28 Mar 2023
Wong Tsz-to began swimming as a kid, but a swim meet when he was in Primary Six helped point him towards a different direction.
“At the competition, I received a flyer about an aquathon, and I thought I’d give it a try. It got me interested in the sport and eventually in triathlon,” says Tsz-to, a student of the Physical Education and Recreation Management (PERM) programme at HKBU. When most Secondary One students were settling into new schools and trying to come to grips with their new curriculums, Tsz-to was balancing class and triathlon training. At 16, he already represented Hong Kong to compete against the elite in his sport in international races.
Despite the challenges along the way, today the professional triathlete knows he made the right choice, and he has set his sights on the world’s biggest sporting stage: the Olympics.
More than competition
Triathlon, which incorporates swimming, cycling, and running all in one race, may seem grueling to a lot of people, but for Tsz-to, the physical and mental rigours that come with the multisport are something he enjoys. While the routines of training for one sport can get monotonous, triathlon training involves a wider variety of workout options and goals, making it a dynamic sport.
And triathlons are more about personal goals than competition, according to Tsz-to. “What attracts me to take part in a triathlon is that you don’t know what place you’ll finish at until the end of the race. This in turn motivates me to drive myself even further,” he says.
One of the main variables in a triathlon is the location, with runs and bike races being held on trails or roads and swimming events happening in open water including rivers, bays, and the ocean. “The complexity of the sport makes it tricky to define what the best times are, but basically it is your performance against that of the other triathletes. I love how this sport allows me to push myself to the next level and make further breakthroughs,” he says.
Navigating sports and school
The mind to push his limits keeps Tsz-to going not only in triathlons, but also in various professional races. In 2019, he competed in the ASTC Triathlon Asian Championships in Gyeongju, Korea, and took home the silver medal in the U23 men’s event. He won back-to-back championships in the men’s 10 km race in the Standard Chartered Hong Kong Marathon 2021 and 2023. He also represented HKBU and excelled at the 1500m and 5000m races at the Annual Athletic Meet held by The University Sports Federation of Hong Kong.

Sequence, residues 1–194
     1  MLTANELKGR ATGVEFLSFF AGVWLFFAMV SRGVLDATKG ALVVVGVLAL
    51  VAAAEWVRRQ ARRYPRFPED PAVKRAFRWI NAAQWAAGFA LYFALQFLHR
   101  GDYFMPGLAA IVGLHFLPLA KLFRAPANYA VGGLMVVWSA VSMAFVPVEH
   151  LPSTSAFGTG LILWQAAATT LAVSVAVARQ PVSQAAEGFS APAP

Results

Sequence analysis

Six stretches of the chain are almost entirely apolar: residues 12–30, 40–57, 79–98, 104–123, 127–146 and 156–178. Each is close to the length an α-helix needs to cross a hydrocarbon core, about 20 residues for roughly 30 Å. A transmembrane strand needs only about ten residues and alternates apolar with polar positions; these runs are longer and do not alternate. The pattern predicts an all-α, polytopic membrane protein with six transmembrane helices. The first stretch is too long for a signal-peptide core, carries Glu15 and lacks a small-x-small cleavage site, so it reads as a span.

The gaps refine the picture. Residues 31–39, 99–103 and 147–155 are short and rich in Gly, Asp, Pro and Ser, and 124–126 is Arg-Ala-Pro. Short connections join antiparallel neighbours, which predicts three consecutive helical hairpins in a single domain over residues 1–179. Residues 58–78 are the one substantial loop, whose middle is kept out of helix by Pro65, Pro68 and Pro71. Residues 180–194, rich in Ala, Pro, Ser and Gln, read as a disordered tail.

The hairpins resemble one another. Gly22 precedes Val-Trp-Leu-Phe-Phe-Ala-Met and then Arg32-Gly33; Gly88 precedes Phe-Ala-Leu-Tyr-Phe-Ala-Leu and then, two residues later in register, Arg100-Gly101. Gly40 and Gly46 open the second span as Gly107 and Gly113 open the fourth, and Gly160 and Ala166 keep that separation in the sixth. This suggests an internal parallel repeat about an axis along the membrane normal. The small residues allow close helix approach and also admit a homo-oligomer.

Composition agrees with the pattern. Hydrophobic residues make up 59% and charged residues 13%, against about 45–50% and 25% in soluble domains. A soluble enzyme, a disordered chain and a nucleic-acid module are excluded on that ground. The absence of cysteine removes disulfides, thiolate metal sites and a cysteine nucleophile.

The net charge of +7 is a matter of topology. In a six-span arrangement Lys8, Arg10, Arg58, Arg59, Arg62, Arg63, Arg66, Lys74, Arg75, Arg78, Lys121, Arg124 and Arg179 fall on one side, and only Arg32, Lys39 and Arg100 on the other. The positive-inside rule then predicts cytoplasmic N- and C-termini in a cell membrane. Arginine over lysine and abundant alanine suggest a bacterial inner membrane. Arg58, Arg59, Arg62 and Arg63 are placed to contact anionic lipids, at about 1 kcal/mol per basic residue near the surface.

The title that got him seriously thinking about going professional came at the 2018 Asian Games, where he and his teammates won the bronze medals in the triathlon mixed-gender relay event. Besides being committed to striving for the best in sport, he was also determined to continue his education, and he was admitted to HKBU through the 2020/21 Elite Athletes Admission Scheme (now renamed as the Talented Athletes Direct Admission Scheme).
“As a full-time athlete and part-time student, I really appreciate how the University provides tailored learning support and flexibility in study arrangements. This enables me to continue to pursue my athletic goals while keeping up with my academic studies,” Tsz-to says. He credits his teachers and fellow classmates with helping him do well in the classroom, and he believes the PERM programme at HKBU has expanded his knowledge about sports practice and the discipline of recreation management.
Sprinting to new goals
Eventually Tsz-to sees himself working in sports, but for now one of his immediate goals is to compete in 2023 Asian Games qualifying trials in April. He is also aiming for the 2024 Paris Olympic Games.
“Taking part in triathlon has given me the drive to improve. I hope that I can keep working towards a breakthrough, not only in Hong Kong, but on an international level,” he says.
The sport has taught him important lessons about endurance, hard work, and perseverance through adversity. “When I get to a point where I feel it’s too difficult to make progress, whether in sports or other areas in my life, I will take a deep breath and remind myself to go one step further,” Tsz-to says. “When we go further, our perspective will change, and we can find the strength to carry on.”